Knives: Wüsthof Classic, from $50 Big knife blocks look impressive, but all anyone really needs is a general-purpose knife like a chef’s/cook’s knife (or the Japanese type, a Santoku); a serrated bread slicer; and a parer. These earned top marks for sharpness and for feeling like an extension of the hand. Note: Most important thing when buying knives is to physically hold in your hand first -– comfort is paramount.

Wine Glasses: Riedel O Wine Tumblers, $30 for 2 Perfect for casual entertaining, these stemless wine glasses are perfect for any type of wine from chardonnay to pinot noir. The best part? These are dishwasher safe. Note: You’ll notice a difference if you don’t use the glass for the type of wine it was designed for.

Trash Can: SimpleHuman 45-Litre Rectangular Step Can with Liner Pocket, $130 When you’re talking trash, SimpleHuman’s stylish workhorse is at the top of the heap. Extra bags can be tucked into its back pocket so you can each inside to grab a fresh one. Rothman loves its soft-close lid, drip tray and fingerprint-proof finish for easy cleaning.

Genius Speaker: Jammbox, $130 With this in your purse, you can have a dance party wherever you are. Listening to Beyoncé on the beach and your phone rings? Answer with the built-in Bluetooth speakerphone! It’s also great around the house, since you can easily carry it from room to room.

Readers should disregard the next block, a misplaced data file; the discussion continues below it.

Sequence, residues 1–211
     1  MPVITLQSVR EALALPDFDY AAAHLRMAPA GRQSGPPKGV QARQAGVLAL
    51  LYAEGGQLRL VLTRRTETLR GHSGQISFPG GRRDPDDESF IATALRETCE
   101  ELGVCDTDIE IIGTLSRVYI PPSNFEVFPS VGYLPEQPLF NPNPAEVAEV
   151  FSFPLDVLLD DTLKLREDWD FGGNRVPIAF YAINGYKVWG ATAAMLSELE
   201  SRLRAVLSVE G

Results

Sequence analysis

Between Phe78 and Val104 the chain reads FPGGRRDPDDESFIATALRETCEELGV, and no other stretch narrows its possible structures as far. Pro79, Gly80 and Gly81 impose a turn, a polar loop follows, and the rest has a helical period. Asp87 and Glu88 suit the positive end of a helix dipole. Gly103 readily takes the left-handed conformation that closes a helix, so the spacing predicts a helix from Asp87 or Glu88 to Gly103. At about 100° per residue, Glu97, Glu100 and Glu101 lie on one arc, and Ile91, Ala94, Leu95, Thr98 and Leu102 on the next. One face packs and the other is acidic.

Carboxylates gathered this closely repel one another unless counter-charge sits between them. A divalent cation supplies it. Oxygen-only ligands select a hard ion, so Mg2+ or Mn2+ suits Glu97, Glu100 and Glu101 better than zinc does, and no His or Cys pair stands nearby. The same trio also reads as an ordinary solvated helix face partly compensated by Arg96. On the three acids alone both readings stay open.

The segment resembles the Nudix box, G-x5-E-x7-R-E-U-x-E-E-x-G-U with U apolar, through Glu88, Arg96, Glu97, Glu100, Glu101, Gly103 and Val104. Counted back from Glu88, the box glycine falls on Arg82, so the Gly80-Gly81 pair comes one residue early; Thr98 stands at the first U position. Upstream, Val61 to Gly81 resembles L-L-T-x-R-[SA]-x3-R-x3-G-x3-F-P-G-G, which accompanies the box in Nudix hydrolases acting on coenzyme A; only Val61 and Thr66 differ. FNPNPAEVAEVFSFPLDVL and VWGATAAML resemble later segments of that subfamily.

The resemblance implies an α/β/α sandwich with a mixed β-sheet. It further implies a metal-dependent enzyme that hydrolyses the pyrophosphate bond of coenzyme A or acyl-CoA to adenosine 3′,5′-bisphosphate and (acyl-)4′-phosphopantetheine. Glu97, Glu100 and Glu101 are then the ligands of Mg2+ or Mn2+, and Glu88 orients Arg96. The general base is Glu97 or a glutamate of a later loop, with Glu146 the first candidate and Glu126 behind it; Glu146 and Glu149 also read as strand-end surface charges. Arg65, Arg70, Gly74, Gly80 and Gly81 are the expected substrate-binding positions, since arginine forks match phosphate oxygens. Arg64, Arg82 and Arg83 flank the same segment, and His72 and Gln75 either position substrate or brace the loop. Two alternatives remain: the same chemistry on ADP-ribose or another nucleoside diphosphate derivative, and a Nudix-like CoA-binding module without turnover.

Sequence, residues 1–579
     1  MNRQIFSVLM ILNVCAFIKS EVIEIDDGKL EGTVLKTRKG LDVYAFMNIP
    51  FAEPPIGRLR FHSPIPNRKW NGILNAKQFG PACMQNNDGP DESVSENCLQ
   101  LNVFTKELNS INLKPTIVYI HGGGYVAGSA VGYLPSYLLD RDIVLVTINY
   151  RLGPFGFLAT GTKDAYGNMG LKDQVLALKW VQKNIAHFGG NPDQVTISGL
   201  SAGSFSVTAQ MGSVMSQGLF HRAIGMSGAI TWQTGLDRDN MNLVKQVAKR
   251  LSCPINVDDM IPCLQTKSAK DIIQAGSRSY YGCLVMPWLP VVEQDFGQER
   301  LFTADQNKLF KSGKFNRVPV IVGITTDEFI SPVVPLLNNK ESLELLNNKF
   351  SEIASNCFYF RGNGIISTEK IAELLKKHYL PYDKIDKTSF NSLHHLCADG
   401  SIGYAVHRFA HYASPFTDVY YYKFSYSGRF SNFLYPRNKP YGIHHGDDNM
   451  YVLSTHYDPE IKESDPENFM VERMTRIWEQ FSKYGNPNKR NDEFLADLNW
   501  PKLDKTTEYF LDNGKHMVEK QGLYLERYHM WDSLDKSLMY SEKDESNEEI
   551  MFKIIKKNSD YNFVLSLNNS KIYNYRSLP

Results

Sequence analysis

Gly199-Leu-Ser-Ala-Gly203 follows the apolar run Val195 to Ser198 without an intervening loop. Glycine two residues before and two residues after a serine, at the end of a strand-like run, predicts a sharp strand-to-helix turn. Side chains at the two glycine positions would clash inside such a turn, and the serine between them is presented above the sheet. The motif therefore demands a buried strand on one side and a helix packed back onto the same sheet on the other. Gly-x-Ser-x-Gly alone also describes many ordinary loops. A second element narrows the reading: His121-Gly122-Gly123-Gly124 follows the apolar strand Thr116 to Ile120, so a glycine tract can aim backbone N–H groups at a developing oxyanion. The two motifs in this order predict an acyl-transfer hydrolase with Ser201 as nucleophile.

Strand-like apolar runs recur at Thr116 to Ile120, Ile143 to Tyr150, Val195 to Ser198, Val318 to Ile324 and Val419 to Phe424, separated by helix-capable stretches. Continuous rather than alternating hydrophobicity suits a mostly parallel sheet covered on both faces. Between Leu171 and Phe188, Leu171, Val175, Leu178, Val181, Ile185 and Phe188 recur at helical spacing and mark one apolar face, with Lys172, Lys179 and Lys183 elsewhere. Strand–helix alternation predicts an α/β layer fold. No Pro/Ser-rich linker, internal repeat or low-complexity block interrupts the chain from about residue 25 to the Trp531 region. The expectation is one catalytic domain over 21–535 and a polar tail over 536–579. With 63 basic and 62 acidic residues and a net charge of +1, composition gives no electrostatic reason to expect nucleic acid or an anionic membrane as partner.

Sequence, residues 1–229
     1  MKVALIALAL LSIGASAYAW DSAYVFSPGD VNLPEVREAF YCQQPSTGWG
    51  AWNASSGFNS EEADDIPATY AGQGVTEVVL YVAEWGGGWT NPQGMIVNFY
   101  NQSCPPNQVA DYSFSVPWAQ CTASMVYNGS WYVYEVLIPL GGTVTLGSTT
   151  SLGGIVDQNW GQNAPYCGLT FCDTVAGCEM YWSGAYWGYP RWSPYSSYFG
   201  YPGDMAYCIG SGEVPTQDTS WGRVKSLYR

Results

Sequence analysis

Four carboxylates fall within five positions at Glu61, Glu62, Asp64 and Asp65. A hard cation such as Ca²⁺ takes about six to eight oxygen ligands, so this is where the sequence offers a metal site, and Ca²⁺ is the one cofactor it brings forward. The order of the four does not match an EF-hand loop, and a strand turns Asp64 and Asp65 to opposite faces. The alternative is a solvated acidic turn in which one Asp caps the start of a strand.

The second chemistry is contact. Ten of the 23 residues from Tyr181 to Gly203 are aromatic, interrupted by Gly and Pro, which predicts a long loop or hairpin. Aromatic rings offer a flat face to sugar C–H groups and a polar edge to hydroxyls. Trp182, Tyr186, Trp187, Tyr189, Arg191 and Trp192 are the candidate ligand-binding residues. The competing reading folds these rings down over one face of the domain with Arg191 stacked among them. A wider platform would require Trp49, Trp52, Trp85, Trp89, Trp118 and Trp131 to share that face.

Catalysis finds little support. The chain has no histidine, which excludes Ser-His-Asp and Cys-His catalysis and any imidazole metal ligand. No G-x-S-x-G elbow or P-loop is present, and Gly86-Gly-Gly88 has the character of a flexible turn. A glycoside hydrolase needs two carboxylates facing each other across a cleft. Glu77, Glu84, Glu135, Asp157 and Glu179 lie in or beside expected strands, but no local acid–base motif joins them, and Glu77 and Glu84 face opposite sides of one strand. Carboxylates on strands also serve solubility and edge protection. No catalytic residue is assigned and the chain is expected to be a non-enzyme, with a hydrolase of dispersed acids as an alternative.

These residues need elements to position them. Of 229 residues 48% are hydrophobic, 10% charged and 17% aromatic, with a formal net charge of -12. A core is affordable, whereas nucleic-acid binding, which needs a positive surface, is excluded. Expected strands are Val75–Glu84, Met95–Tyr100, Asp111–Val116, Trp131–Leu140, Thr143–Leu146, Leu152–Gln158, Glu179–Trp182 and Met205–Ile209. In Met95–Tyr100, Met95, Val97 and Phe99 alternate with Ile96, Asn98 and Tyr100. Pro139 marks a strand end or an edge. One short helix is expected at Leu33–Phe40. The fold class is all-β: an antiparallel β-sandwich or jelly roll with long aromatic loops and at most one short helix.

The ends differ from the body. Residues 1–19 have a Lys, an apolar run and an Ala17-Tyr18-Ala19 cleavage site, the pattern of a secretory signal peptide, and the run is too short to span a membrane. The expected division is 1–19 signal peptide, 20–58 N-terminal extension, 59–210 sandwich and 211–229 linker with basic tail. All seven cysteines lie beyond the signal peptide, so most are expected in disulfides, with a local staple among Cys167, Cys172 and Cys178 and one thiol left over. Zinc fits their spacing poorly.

Top Towels: JCPenney Royal Velvet Egyptian Cotton Bath Towels, $18 These Green Good Housekeeping Seal holder ultra-plush towels offer great absorbency and color retention.

Vacuum: Dyson V6 Absolute, $600 This cord-free Good Housekeeping Seal holder is a perfect combo hand and stick vac with two-brush heads and multiple tools that make it a cinch to clean carpet, bare floors, and stairs. Uprights are best for homes that are mostly carpeted, while canisters excel on stairs and mixed flooring. Select one with a power nozzle brush that can be switched on to deep-clean carpets and off for bare floors. Combo stick and hand vacs are great for quick cleanups. Look for long run time and easy storage. Compact models are ideal for small spaces. Allergies? Opt for a model with a bag (vs. a bagless one) and a HEPA filter.